Mobile Suit Gundam SEED Movie I: The Empty Battlefield

Alt title: Kidou Senshi Gundam SEED Special Edition I: Kokuu no Senjou

TV Special (1 ep)
3.587 out of 5 from 838 votes
Rank #4,515
Mobile Suit Gundam SEED Movie I: The Empty Battlefield

Year 70 of the Cosmic Era, the economic friction between genetically enhanced Coordinators and unmodified Naturals has erupted into a full-scale conflict. The Natural-dominated Earth Alliance struggles to catch up with the Coordinators' superior technology and has secretly developed five Gundam mobile suits at a neutral space colony. Through a twist of fate, a young Coordinator named Kira Yamato becomes the pilot of the Alliance's prototype Strike Gundam and finds himself forced to fight his own people in order to protect his friends.

Source: Bandai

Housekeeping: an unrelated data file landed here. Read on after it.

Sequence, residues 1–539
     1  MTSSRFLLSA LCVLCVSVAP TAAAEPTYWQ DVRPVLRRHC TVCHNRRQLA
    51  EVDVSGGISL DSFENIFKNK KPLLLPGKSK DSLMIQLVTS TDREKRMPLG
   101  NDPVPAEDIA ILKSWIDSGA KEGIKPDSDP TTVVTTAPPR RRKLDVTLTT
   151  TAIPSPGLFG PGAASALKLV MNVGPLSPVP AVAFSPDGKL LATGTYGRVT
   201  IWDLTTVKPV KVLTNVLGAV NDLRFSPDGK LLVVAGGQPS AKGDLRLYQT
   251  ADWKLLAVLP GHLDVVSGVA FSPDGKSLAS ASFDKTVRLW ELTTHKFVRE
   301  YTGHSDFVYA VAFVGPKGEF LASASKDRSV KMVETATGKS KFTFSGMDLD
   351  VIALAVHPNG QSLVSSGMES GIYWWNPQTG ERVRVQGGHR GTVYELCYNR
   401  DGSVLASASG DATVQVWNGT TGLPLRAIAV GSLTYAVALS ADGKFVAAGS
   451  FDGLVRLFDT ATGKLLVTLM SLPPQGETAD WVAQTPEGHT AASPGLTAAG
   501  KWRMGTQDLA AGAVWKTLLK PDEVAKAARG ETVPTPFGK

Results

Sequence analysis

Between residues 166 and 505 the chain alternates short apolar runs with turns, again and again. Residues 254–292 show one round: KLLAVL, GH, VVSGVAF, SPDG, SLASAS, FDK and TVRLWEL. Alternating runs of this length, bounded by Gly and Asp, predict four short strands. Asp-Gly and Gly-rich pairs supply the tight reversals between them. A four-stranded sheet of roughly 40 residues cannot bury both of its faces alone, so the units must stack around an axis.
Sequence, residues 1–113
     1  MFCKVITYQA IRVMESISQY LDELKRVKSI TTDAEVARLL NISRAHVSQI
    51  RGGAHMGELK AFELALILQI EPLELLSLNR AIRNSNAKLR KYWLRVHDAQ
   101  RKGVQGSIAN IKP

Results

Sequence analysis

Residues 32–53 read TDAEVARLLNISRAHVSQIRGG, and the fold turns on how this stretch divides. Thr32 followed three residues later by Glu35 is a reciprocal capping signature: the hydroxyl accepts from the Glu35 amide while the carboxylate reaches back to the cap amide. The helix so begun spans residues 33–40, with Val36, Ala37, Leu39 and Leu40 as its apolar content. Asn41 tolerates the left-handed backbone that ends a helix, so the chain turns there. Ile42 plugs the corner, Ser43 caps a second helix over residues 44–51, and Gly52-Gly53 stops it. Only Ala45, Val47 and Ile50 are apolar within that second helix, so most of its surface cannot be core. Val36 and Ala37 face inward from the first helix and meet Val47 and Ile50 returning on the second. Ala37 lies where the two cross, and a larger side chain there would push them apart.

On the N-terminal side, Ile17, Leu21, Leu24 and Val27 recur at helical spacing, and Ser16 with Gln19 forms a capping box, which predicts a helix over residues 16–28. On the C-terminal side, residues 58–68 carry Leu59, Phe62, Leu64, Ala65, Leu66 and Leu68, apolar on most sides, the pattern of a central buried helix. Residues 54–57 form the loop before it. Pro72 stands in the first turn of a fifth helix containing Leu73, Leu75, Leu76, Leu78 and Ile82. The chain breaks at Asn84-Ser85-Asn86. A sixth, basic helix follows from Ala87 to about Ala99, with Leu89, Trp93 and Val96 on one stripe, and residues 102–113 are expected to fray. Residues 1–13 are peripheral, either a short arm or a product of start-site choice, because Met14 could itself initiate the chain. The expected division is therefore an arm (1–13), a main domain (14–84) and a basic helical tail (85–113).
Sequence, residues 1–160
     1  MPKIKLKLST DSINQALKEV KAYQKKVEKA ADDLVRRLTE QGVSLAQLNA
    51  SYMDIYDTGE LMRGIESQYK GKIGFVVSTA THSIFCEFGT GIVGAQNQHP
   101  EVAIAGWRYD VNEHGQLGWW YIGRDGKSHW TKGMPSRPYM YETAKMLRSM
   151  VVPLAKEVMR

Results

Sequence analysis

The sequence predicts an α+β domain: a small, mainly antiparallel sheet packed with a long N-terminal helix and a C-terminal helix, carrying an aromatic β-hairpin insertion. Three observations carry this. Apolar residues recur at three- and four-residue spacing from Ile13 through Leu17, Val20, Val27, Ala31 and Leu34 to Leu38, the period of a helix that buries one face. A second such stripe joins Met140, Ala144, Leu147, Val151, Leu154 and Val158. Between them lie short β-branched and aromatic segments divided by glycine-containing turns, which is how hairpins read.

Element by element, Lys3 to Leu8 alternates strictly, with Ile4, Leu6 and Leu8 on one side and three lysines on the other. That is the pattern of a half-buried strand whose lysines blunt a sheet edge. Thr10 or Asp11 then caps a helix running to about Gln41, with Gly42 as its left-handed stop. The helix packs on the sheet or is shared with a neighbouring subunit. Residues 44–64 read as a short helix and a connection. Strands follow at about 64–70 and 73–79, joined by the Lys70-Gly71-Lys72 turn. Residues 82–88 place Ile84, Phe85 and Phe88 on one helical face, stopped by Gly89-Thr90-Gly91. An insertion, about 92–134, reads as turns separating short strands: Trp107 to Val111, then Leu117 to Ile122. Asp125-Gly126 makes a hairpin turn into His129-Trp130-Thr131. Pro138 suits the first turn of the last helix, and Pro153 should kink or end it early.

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Gundam SEED has a very special place in my heart. Not only was it one of the first anime I watched, but it was the first war philosophy anime, the second mecha anime, and the first Gundam anime I saw. It told me a story I hadn't heard before, showed me fights I hadn't seen before, and bonded me with characters that were new to me. My feelings for Gundam SEED are rooted heavily in nostalgia, and I've rewatched it several times to hammer the point in. To date, I still consider Gundam SEED to be one of the better war anime I've seen, and I would recommend it to any Gundam fan. Gundam SEED Destiny, in constrast, was a massive disappointment. I wanted to like it, and at points I did, but ultimately it was a huge sham. A repeat of much of the story (and all of the themes) from Gundam SEED, told from the perspective of a new terrible protagonist and set in a world where these problems were supposed to have been solved. As if the premise and execution weren't ridiculous enough, I had to watch many of my beloved characters (Athrun, in particular) revert back to their original angsty selves and completely ignore their development from the first season. All of this eventually wrapped up into more-or-less the same ending as Gundam SEED had, leaving the entire experience pointless and frustrating. The only saving grace was the epilogue, which tied everything together nicely and left me with a good amount of catharsis. So here I was, some seven years after I first saw Gundam SEED, and once again I felt the urge to revisit one of my old favorites. However, this time I decided to do so via the movie series, which condenses the events of the original TV series alongside a couple of new and reworked scenes. Naturally I was disappointed when the whole thing ended up feeling like a worse version of Destiny. Gundam SEED did not have an award-winning story, phenomenal fights or terribly original characters. Rather, Gundam SEED was a complex and very full package of many elements given the ability to evolve and grow throughout its 50-episode duration. The character interactions and the seemingly repetitive battles all served to hammer the "War is Bad" message in as deeply as possible. Despite the inherent hypocrisies of the main cast using violence as the means to peace (which is a central theme of most Gundam series), I still grew to like many of them. By the final episodes, I was completely in love with Kira and Lacus, I enjoyed Athrun and Mu, and I sympathized with Rau and Natarle. These characters meant something to me, and so for the same reason I hated their personality resets in Destiny I also hated their butchering in these movies. I'll be blunt: these movies are terrible. They take the basic Gundam SEED story and rip most of the important details out, which would be sort of disappointingly acceptable if in the end we were left with at least a shell of the original series. However, not only are the details and intricacies removed, but the remaining major events are chopped up as well. I would have absolutely no idea what was going on or who any of the characters were if this were my first exposure to Gundam SEED. A random collection of teenage soldiers shows up and attacks a space colony, stealing a couple mobile suits and blowing up the rest of the colony "just cuz." The protagonist, Kira beats up a couple of mobile suits on land and then is suddenly beating up more mobile suits in space. The difference between Coordinators and Naturals is never explained. No one bothers to discuss why the Archangel and the Earth Forces were on this neutral Orb colony, nor even what Orb is nor where the colony is located. And so they float through space after a single battle, end up at the wreckage of Junius Seven for no reason, and meet Lacus. Then there's another fight with an Earth Forces fleet that we'd heard no mention of until then, and Kira gives Lacus back to ZAFT. Following this is immediately another big space battle, suddenly over Earth and with a different fleet. By the way, at this point we still have no idea what the Archangel is doing nor where it's going. Anyway, the big space fleet gets blown up and the Archangel goes down to the surface, where it's suddenly fighting more mobile suits in a random desert. Then Cagalli (who's had maybe 20 seconds of screentime before this) suddenly shows up, befriends Kira and gets her resistance buddies to fight some random ZAFT guy with him (again, for no reason). Then it ends. That's the first movie. After watching this, I can safely say I know nothing about any of the major characters, let alone the story. The character who gets the most screentime (and ironically, the only character who receives any development) is Flay, and even then we can sum her up as, "shallow girl has bad things happen to her, so she's an even bigger b*tch to everyone else." This is not how anything is supposed to be. For this first part of the series, Kira is supposed to be an overly-compassionate pacifist who is constantly torn between his desire to avoid war and his need to protect his friends. He fights internally with himself, falling even deeper into despair once he confirms his best friend Athrun is the ace soldier for their enemy, ZAFT. He is forced to bear the hatred of everyone around him; the Earth Forces hate him for being a Coordinator whom they must rely on, while ZAFT hates him for fighting against his own people. Even so, he agrees to continue piloting the Strike because he knows if he refuses then all his friends will die. As he fights, he notices that there are both good and bad people on both sides of the fighting, and he realizes that they are all just being used as tools by their respective governments. These feelings climax in the meeting with Andrew, where he resigns himself to killing good people simply because other people have decided that they are arbitrarily enemies. And of course, all this lays the foundation for his upcoming confrontation with Athrun. That's who Kira is and how he's supposed to be, but we get almost none of that with this movie. Few of the details, none of the complexities and zero growth. And he's not alone; the rest of the cast all get similar treatments, with the aforementioned exception of Flay (who was never a deep character even in the original series). I understand that this is a movie, one that is supposed to compress about 20 episodes worth of content into 90 minutes. But this could have been handled "successfully" in two different ways: By removing the depth and character interactions, instead focussing solely on the plot. From the original invasion of Heliopolis by ZAFT up to the defeat of the Desert Tiger on Earth, the goals of the two militaries could be followed and explored without digressing much to explore the characters. By saying "screw the plot" and using the movie as an exploration of Kira's character and philosophies. Though this would leave us with a messy and fractured story, we would at least gain of better understanding of him, his friends, his superiors, and Athrun. For extra benefit, dig into Athrun as well and help us to understand who ZAFT and the Coordinators really are and why they're fighting. So with these two possibilities in mind, it almost blows my mind how the producers could manage a 90-minute film where not only do I have no idea what's going on, but where I know nothing about the characters as well. This is a failure, plain and simple. Newbies to the Gundam franchise should ignore this like the plague, and I cannot even recommend it to Gundam SEED fans as a nostalgic experience. At the moment I have no plans to watch the other two movies.